What are the dynamics when a group of artists with and without learning disabilities work together? Emma Bosworth discusses the positive outcomes of the OutsiderXchanges project. 

Photo of people standing behind a table full of objects
Pscyhedelic Braincells at the Whitworth Gallery
Photo: 

Annie Feng

OutsiderXchanges was a visual arts project that aimed to break down barriers, and challenge the concepts surrounding ‘outsider’ art. With over 25 years’ experience of working with learning disabled artists, Venture Arts led the project in partnership with Castlefield Gallery in Manchester, and BALTIC Centre for Contemporary Art.

“Learning-disabled artists still face significant barriers to entering the art world, but through this way of working all artists benefited and saw their practice develop”

The project was launched last year with 12 emerging talents, six of whom were learning-disabled artists. The artists were given an open studio to create freely in for over nine months. Ten of them were based in Manchester, in a space provided by Castlefield Gallery, and two others in Newcastle at BALTIC 39.

Open dialogue

Open dialogue was established from the start. Describing an early activity involving old records being broken and reconstructed, artist Rosanne Robertson said: “It felt good to get out of 2D and into space – interacting with objects and each other. A theme of ‘play’ was developing in the studio at this stage and many others joined in with their own additions to the improvisation going on.”

This led to a series of visual conversations with artists working side by side on individual art work, interacting with found objects and open canvases to build ideas and shared experiences. The floors, tables and walls of the studio space were always an explosion of colour, cuttings, writings, found, broken and bought objects, sketches, fabrics and much more.

Artist Sophie Lee said about their shared narrative and mutual fascination with identity: “Through conversation common ground was quickly established between Horace, Juliet and myself. It has been interesting to discuss our shared interest in schools, childhood and our relationship to architecture, but particularly exciting exploring our different approaches in how to communicate these ideas.”

The three artists built on this while working together on ‘I was the Assembly Hall’, an intriguing video installation and performance piece that reconstructs childhood memories.

When asked specifically about how it was to work with artists with learning disabilities, Rosanne said: “The main difference has been the level of dedication and concentration demonstrated by the artists with learning disabilities. All of them are less afraid of being themselves with their work – they work with more honesty than you will find in more mainstream art worlds. I would like to be part of an art world that has made room for this honesty and is more accessible and inclusive.”

Rosanne collaborated with Barry Anthony Finan on ‘Yes Lad, Yes Lass’, a poignant mixed media installation in which both artists lay bare their ambitions in video dialogues that, as Rosanne says, “stands like two bodies of work facing each other in conversation”.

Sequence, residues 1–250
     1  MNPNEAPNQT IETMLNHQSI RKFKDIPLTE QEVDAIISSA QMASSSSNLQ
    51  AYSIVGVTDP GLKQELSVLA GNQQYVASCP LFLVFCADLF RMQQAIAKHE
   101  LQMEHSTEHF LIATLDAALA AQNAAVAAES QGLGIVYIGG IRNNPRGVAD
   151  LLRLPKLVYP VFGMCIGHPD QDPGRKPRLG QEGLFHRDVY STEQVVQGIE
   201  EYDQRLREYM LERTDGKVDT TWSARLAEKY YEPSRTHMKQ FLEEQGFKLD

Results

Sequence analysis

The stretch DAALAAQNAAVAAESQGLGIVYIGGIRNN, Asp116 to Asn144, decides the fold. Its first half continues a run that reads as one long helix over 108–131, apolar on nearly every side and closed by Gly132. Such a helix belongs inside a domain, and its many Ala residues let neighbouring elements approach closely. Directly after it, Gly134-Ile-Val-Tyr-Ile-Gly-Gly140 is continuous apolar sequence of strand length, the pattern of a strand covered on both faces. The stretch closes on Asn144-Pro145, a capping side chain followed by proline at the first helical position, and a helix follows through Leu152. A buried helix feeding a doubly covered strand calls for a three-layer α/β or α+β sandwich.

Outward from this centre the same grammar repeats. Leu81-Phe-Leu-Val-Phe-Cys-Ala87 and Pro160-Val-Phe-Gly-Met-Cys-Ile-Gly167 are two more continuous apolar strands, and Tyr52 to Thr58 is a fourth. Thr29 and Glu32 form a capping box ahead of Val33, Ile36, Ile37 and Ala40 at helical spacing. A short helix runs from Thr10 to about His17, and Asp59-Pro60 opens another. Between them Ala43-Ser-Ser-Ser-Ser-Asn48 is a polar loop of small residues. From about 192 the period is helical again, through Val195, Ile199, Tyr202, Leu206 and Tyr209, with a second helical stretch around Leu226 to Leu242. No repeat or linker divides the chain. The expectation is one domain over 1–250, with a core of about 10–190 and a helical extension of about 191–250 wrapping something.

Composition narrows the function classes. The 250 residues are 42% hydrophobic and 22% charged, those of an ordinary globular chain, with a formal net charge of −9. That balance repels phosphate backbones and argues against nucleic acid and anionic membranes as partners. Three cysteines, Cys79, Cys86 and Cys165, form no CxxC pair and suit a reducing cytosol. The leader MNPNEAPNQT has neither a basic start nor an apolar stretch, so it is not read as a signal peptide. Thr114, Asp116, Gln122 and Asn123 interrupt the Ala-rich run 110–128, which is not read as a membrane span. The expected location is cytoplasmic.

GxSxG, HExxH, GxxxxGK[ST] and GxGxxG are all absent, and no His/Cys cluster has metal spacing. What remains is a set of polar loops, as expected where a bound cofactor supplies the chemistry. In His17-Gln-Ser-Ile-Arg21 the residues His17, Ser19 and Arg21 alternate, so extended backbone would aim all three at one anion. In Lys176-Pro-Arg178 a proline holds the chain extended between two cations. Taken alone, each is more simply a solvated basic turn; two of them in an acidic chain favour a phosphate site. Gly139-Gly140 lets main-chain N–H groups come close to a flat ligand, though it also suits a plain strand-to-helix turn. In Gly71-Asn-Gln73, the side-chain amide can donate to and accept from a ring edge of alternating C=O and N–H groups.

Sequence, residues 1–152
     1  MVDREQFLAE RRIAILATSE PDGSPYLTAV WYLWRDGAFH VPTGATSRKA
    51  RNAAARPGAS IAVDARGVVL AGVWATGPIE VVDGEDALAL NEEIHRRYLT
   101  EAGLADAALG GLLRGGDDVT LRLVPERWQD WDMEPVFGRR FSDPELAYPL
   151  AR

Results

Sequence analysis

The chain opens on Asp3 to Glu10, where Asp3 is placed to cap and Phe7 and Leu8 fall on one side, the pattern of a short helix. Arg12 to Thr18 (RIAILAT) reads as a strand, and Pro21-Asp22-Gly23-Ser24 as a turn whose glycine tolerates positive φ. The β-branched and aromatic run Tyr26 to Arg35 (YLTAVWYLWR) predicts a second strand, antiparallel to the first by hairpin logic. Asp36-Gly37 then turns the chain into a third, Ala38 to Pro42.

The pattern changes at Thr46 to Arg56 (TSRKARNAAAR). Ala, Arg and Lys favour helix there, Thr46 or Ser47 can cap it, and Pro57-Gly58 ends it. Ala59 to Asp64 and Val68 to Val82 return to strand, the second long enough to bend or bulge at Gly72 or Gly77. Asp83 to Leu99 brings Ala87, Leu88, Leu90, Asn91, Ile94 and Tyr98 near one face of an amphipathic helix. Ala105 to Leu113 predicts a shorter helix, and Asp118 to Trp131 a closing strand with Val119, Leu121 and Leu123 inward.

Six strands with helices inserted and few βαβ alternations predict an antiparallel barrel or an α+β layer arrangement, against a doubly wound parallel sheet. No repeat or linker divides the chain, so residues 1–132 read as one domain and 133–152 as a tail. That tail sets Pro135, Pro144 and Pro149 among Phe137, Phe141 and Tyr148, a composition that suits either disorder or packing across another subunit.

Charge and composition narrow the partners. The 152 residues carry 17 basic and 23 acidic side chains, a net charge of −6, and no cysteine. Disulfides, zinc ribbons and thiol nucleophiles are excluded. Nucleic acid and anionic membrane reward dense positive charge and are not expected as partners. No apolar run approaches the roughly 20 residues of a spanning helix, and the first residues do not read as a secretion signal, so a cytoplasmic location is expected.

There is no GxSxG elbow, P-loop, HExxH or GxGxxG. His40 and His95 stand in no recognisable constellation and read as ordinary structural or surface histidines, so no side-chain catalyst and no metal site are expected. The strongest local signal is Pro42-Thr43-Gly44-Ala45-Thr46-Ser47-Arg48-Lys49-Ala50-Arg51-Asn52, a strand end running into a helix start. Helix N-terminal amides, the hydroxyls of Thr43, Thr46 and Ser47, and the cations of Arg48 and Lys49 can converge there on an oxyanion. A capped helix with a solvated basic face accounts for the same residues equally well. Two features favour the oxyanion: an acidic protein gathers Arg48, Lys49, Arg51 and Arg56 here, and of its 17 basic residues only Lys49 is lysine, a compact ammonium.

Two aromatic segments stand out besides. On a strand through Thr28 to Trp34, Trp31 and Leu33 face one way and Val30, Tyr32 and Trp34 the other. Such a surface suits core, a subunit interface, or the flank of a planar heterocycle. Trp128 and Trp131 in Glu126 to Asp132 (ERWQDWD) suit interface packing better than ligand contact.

Exhibition and conversations

All the work was exhibited at the Manchester Contemporary art fair, the BALTIC and at a Thursday late event at the Whitworth Art Gallery in Manchester, where we hosted a one off ‘art party’ that brought forth the shared lived experiences of all the studio artists in a gallery setting and to great effect.

The art that was exhibited, although being grounded in individual interests, experiences and practice, shared themes of self-identity, memory and conversation, and in extension the relationship between the artist and their art. This blurred line between art and life encouraged the viewer to question their own conceptions of what art is, and what might be considered ‘outsider’ art.

Open conversations

From a learning disability perspective, dialogue and the associated concepts around language and communication can be varied and diverse. Showing the process was a key part of inviting the viewer to participate in the art, breaking down their own barriers and pre-conceptions, and helping to open up the conversation with artists with learning disabilities.

OutsiderXchanges, in its first manifestation, has now come to an end but the conversations it inspired have just begun. We have already acquired an additional studio where diverse artists can continue to work side by side. The intention is to continue these fascinating dialogues through a series of ongoing ‘Conversations’, developing visual, spoken and conceptual language and building cumulative work that investigates relationships between people, language and art.

Amanda Sutton, Director of Venture Arts, said: “The project was brilliant in that it was based on genuine equal exchange between diverse artists. Learning-disabled artists still face significant barriers to entering the art world, but through this way of working all artists benefited and saw their practice develop. It really feels like an exciting beginning, an interesting new way of working, in effect the start of an experiment that could have real potential in the future.”

Emma Bosworth is Press and Media Assistant at Venture Arts.
www.venturearts.org
Tw: @VentureArts

The artists involved were Rosanne Robertson, Barry Anthony Finan, Horace Lindezey, Sophie Lee, Matt Girling, Leslie Thompson, Juliet Davis, Sarah Lee, David James, Tanya Raabe-Webber, Simon Raven and Jane Louise Graham.

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Photo of Emma Bosworth